Owls & iPods

Owls & iPods: Great Horned Owl and Chick, Courtesy US FWS Digital Library, George Gentry Photographer
Great Horned Owl and Chick
Photographer: George Gentry
US FWS Digital Library

Hi I’m Holly Strand.

In early spring, my friends and I went owling in a northern Utah canyon. We were hoping for modest success—just to see or hear a northern pygmy or great horned owl — both common owls in our area.

To better the odds we brought an iPod with prerecorded owl sounds. We played the northern pygmy call for 20-30 second intervals and listened intently in between intervals.

After 10 minutes of off-and-on playbacks we heard an answering call from a nearby conifer grove. We were ecstatic that we had made contact with an actual owl. But wait! Was it an owl we heard or just another iPod user?

Pygmy Owl, Courtesy US FWS Digital Library, Bob Miles Photographer
Pygmy Owl
Photographer: Bob Miles
US FWS Digital Library

According to David Sibley, author of the Sibley Guide to Birds, the proliferation of digital audio devices and recorders among birders has both pluses and minuses. On the plus side, you can often entice certain birds out of hiding using playbacks. For example, if a territorial male thinks a rival bird is threatening to encroach on its territory, he may come out to confront the intruder. Or he may sing his “I’m Here, So Stay Away” song. A female bird might approach the recording source as a potential date. Using playbacks, you can target specific species to see or hear without disturbing others.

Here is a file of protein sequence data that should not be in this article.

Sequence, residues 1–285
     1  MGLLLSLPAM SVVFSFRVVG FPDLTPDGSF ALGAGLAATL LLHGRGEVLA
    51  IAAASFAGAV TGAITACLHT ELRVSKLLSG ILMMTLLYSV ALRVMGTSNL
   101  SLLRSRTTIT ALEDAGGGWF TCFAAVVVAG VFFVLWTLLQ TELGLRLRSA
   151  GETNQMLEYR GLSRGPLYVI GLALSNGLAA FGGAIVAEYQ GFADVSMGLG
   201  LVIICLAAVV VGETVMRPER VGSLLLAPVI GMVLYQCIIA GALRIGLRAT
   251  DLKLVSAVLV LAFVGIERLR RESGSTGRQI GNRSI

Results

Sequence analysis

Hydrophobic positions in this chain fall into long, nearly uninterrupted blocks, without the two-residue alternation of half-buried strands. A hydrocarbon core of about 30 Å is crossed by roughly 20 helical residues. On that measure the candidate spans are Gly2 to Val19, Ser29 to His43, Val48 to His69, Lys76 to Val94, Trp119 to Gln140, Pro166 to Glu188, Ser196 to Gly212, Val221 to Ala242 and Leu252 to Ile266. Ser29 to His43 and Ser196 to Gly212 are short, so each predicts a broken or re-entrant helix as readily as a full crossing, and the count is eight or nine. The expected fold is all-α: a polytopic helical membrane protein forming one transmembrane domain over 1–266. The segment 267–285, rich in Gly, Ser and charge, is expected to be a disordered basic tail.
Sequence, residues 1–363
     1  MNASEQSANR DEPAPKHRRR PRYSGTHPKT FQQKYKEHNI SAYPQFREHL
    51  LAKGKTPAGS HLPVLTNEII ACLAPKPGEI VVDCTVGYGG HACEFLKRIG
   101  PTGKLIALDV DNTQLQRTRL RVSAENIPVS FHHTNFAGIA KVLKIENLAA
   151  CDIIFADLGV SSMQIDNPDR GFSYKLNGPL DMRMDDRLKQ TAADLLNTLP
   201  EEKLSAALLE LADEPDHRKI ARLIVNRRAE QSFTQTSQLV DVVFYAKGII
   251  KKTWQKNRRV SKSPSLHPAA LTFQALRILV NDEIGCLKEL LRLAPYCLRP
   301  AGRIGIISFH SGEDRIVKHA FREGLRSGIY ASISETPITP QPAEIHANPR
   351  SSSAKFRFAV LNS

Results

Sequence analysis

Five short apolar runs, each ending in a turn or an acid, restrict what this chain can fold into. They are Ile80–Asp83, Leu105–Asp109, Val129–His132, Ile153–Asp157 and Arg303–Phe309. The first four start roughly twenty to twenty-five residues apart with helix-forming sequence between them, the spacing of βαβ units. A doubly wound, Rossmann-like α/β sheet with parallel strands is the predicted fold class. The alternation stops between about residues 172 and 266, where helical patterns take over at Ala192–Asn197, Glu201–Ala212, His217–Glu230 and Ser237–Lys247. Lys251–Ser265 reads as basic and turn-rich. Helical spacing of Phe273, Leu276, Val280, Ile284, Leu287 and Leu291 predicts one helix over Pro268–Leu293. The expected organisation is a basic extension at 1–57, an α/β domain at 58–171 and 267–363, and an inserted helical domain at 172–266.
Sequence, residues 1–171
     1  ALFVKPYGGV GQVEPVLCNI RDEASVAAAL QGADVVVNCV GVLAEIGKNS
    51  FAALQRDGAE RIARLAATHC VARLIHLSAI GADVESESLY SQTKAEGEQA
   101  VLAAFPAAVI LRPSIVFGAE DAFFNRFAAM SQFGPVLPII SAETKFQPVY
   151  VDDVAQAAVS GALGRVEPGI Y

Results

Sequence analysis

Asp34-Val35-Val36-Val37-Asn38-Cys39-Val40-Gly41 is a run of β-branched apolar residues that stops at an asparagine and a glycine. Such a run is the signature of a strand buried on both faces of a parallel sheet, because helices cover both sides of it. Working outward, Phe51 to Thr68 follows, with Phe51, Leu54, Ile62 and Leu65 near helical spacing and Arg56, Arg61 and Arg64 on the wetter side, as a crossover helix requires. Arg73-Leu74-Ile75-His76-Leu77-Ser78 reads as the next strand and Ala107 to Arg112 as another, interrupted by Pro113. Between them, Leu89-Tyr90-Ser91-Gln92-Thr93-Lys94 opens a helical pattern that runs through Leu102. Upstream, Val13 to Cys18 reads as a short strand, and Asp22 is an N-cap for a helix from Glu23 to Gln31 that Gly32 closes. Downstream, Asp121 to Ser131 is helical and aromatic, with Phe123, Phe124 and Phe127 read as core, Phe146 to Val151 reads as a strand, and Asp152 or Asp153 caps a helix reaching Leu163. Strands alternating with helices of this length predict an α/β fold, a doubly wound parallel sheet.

On the flip side, overuse of these playback devices can cause unnecessary stress and distraction in the target birds—and annoyance among other birders. In one study, the use of playbacks upset the avian apple cart by causing high-ranking black- capped chickadee males to lose status. The rest of the flock perceived them as losers as they were unable to drive away an unwanted phantom intruder.

Because the widespread use of recorded playbacks is relatively new, proper etiquette is still evolving. But here are some key points.

  • Keep the volume low and use only occasional snippets of sound—less than 30 seconds at a time. Leave a long pause between snippets. Definitely do not broadcast loud or continuous sound.
  • It is illegal to disturb endangered or threatened species. And these recordings can be interpreted as disturbance. So stick with sounds of non-threatened species.
  • Finally, check the rules at your birding location. The use of playback is prohibited in some parks and refuges.

For source material and websites with bird sound recordings, go to www.wildaboututah.org.

For Wild About Utah, I’m Holly Strand.

Credits:

Photos: Courtesy US FSW Digital Media Library
Text: Holly Strand

Sources & Additional Reading:

Sibley, David. 2011. The Proper Use of Playback in Birding. Sibley Guides: Identification of North American birds and trees. http://www.sibleyguides.com/2011/04/the-proper-use-of-playback-in-birding/ [Accessed May 19, 2011]

Recordings:

Soundscapes for Birders by Kevin Colver http://www.7loons.com/

http://www.xeno-canto.org/ shared bird sounds from the whole world

Beletsky, Les, editor. 2010. Bird Songs Bible: The Complete, Illustrated Reference for North American Birds Contains digital audio player.

Ipods and mp3 apps:

iBird http://www.ibirdexplorer.com

Audubon Birds Field Guide http://www.audubonguides.com/field-guides/mobile-apps.html

The Sibley eGuide to the Birds of North America http://www.mydigitalearth.com